This Court holds that the counterclaims for libel based upon the original complaint, the press release and the interview are permissive. F.R.Civ.P. 13(a), (b); Williams v. Robinson, 1 F.R.D. 211 (D.D.C.1940); see Fowler v. Sponge Prods. Corp., 246 F.2d 223, 227 (1 Cir. 1957); Autographic Register Co. v. Philip Hano Co., 198 F.2d 208, 210-212 (1 Cir. 1952); Marks v. Spitz, 4 F.R.D. 348, 350 (D.Mass.1945); see also Dindo v. Whitney, 451 F.2d 1, 2 (1 Cir. 1971); Connecticut Indem. Co. v. Lee, 168 F.2d 420 (1 Cir. 1948); United Fruit Co. v. Standard Fruit & S. S. Co., 282 F. Supp. 338 (D.Mass.1968).
The counterclaims can be read to allege malicious abuse of process. The analysis is similar to the analysis concerning defamation; the counterclaims are permissive and are barred unless operation of the statute of limitations was suspended. The counterclaims also can be read to assert a claim for malicious prosecution of a civil action. Such a claim is premature; the defendant must, and cannot, allege a favorable termination of this suit if it is to proceed on a theory of malicious prosecution. Dangel v. Offset Printing, Inc., 342 Mass. 170, 172 N.E.2d 610 (1961).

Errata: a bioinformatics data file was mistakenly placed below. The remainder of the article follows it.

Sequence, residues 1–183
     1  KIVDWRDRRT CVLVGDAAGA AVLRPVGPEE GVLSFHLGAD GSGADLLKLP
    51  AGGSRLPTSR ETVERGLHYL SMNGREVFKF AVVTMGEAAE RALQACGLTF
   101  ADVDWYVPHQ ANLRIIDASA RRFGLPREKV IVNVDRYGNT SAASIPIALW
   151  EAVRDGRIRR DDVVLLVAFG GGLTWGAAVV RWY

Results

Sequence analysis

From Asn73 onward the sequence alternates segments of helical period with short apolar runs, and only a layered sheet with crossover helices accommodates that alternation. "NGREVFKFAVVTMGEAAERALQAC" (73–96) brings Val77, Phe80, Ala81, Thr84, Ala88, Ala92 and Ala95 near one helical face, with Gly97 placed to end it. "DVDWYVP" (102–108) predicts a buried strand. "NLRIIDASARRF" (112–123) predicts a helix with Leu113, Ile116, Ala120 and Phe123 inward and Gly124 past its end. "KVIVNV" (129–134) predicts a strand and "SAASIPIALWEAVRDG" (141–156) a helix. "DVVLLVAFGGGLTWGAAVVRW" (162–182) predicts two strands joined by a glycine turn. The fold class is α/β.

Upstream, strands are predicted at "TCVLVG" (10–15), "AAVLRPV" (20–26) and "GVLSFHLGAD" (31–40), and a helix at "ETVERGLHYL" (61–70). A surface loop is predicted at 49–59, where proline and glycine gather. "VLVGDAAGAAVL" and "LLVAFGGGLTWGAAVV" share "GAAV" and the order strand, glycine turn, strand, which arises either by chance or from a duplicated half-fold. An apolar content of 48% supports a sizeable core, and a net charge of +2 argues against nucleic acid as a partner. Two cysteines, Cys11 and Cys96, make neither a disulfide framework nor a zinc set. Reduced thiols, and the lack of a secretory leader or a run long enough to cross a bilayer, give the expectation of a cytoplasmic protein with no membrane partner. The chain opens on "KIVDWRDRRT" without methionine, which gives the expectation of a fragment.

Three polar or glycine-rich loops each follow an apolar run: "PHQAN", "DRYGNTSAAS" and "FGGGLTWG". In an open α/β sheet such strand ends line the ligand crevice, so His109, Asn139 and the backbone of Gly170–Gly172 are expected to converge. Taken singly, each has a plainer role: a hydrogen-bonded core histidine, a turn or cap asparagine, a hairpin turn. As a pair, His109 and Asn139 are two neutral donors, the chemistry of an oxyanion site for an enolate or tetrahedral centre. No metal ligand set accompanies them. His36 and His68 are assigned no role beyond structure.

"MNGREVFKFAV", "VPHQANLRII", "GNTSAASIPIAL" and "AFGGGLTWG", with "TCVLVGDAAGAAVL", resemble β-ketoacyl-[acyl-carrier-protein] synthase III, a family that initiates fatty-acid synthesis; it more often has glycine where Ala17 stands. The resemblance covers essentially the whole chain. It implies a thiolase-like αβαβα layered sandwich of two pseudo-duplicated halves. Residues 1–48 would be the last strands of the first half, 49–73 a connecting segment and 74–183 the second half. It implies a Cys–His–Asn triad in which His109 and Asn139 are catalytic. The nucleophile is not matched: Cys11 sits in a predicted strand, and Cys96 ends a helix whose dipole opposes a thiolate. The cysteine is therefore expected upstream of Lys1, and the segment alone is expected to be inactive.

The second question, therefore, is whether, as a matter of state law, the filing of a complaint suspends the running of the statute of limitations against permissive counterclaims which are pleaded in the answer under F.R.Civ.P. 13(b), and which accrued at the time of the filing of the complaint or thereafter, but before the answer was filed.